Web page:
Posted by Lotta Holmstrom

Al Gore. Photo: Current TVCurrent TV, the interactive tv network founded by Al Gore and Joel Hyatt in 2005, has now launched its UK version. With air time on both Sky and Virgin Media platforms in the UK and Ireland, the channel can add 10 million homes covered to its 40 million in the US.
Company chairman Al Gore explained to the Associated Press what he sees as the thing that sets Current TV apart from other channels.

Gore said Current TV was designed – to democratize the medium of television and open it up to voices, so people can join the global conversation.
Mainstream television, he says, is a one-way conduit, and – a conversation that shuts out individuals begins to get a bit stale.
Gore and his co-founder Joel Hyatt bill Current TV as – television for the Internet generation of tech-savvy 18-to-34 year olds who demand interactivity and, it seems, have short attention spans.

In connection with the launch, Current TV announced a contest where three winners get to have lunch with Al Gore in London. It’s about shooting what Current TV calls a pod – a 3-5 minute ”non-fiction video that tells a story, profiles a character or place, and/or shares an idea” – and uploading it to the current.tv site.

A third of the content on Current TV is made up by pods like this. The content is very segmented – here’s a sample hour:

Sample hour

As you can see, Current TV also partners with Google. And they’ve put extra effort into making people with a background in journalism contribute to the site and tv channel through its Current Journalism program.

”Welcome to UK and Ireland”, writes US current.tv blogger Amanda Zee, who reports that the UK team has been working hard to make the launch.

I’ve only been over here for four days, but the team at Current UK has been working toward this for months, seemingly non-stop. No matter what time I’ve been in the San Francisco office, there’s always someone in the London one available to answer questions — and if you do the time-zone math, you’ll know just how crazy that is. Hopefully now they’ll have a chance to enjoy what they’ve made.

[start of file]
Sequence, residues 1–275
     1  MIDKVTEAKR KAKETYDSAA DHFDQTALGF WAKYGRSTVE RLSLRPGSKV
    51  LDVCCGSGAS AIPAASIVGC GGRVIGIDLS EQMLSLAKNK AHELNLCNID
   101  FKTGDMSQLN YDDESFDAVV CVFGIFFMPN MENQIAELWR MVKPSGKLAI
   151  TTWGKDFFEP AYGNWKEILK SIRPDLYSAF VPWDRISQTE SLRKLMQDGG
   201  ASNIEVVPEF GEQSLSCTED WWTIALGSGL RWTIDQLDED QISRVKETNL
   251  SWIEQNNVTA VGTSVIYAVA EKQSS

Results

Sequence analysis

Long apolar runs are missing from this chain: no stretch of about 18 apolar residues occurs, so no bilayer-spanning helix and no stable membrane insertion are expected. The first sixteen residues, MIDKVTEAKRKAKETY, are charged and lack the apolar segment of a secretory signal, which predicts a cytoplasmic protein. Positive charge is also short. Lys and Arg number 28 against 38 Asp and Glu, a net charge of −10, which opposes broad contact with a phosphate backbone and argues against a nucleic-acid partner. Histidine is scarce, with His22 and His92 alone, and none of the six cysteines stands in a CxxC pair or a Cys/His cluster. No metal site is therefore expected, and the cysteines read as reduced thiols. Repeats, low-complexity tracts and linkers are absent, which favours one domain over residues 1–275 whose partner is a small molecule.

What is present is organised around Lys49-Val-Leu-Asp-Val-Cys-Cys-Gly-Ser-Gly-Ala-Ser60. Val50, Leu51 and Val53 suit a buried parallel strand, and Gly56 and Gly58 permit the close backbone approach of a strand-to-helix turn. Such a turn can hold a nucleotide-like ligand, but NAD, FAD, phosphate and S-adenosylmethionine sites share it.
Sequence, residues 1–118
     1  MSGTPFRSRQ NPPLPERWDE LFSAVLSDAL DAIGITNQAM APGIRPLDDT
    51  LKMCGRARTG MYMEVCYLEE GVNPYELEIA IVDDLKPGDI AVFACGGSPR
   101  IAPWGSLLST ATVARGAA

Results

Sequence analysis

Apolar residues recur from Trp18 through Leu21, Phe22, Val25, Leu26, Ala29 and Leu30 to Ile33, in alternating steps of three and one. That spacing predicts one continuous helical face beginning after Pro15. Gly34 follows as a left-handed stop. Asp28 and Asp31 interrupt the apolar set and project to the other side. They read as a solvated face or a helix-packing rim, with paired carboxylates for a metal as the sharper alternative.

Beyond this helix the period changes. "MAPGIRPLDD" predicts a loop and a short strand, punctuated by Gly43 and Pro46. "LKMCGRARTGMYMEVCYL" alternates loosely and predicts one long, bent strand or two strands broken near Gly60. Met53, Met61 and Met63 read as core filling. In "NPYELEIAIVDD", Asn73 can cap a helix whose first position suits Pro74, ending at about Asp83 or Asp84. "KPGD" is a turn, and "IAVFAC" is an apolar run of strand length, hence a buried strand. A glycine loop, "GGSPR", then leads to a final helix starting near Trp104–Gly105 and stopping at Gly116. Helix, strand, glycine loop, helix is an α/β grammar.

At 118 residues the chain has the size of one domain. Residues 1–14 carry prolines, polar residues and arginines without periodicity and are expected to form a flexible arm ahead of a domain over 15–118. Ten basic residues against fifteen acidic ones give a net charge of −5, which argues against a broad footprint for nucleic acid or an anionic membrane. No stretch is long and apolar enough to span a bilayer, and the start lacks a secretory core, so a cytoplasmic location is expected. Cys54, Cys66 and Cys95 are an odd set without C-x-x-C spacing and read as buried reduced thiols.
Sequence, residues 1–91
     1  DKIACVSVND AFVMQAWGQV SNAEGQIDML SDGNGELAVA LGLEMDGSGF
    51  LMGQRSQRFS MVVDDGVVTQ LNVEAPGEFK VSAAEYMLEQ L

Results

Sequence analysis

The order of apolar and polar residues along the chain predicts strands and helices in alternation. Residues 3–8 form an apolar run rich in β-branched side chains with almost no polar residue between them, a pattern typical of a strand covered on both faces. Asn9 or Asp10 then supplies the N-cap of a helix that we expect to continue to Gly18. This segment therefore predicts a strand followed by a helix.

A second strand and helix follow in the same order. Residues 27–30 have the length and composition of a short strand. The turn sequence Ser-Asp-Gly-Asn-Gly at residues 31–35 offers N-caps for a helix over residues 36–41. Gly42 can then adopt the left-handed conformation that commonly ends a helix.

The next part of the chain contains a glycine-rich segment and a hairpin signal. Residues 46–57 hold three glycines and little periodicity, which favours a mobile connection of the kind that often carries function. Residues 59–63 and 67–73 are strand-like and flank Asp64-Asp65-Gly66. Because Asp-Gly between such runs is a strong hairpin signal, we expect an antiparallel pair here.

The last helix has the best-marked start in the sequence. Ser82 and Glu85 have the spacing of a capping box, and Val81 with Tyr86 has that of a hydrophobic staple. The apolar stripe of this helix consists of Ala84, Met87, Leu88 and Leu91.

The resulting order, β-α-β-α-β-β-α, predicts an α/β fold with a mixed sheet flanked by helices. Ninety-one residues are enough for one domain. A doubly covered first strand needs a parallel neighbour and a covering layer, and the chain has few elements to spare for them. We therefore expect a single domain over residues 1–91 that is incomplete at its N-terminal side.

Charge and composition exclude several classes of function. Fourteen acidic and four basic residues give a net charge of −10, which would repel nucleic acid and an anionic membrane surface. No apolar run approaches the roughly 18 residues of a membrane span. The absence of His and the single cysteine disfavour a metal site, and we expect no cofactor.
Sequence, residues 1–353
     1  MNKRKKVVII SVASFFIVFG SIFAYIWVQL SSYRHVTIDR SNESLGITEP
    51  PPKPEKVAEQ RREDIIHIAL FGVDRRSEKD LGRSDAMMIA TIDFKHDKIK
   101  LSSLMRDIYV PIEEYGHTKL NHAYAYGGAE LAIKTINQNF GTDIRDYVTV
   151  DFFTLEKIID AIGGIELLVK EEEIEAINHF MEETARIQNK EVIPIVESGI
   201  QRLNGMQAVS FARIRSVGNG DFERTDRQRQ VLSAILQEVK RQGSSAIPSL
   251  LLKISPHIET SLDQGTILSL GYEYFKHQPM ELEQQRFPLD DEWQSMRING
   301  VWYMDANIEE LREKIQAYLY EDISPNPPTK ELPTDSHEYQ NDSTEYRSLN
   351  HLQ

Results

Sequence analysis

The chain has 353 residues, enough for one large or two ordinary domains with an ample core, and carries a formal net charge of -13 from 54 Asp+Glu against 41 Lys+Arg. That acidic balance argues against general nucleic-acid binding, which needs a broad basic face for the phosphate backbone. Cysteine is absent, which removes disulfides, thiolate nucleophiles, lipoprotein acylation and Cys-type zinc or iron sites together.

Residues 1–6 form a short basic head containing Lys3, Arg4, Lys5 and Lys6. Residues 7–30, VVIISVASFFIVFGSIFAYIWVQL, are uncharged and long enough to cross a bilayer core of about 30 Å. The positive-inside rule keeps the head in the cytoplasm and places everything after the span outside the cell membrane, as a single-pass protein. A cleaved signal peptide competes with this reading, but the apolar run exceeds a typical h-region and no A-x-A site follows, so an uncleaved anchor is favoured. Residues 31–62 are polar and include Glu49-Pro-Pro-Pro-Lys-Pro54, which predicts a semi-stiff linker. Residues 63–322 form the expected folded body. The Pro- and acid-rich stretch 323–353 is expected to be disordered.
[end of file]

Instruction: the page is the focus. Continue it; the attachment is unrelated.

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mars 13th, 2007

MTV Movie Awards adds new category for user-generated content

Posted by Lotta Holmstrom

Mark Burnett Productions, Yahoo and MTV today announced a new category at the MTV Movie Awards for user-generated content, ”Best Movie Spoof”. The clips are to be parodies of films from the past year. Submissions for the award will be collected on a microsite that is to launch on April 23.
”The ability to create and interact with user-generated content is so important to today’s audience that this show simply had to include UGC as a major element in the creative experience,” said Mark Burnett to Online Media Daily.

In addition to the movie spoof award, MTV, Yahoo and Burnett are developing a section on the site where viewers can comment on the user-generated submissions, as well as post photos and videos. Content from the site will then be integrated into the live broadcast on a ”World Wide Web Wall.”

Users will also get to vote for categories such as ”Best Kiss” and ”Best Villain”.


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mars 7th, 2007

Citizen journalists banned from video reporting of violence in France

Posted by Lotta Holmstrom

In France, neither filming nor broadcasting violent content is allowed for anyone else than professional journalists. This is the result of a law that’s recently been approved by the French Constitutional Council, writes InfoWorld. This disturbing news has met with outrage from bloggers and anyone concerned about free speech. The fact that the decision was published on the date of the Rodney King beating hasn’t exactly made the council look any better. The police officers who beat Rodney King were filmed by a citizen journalist.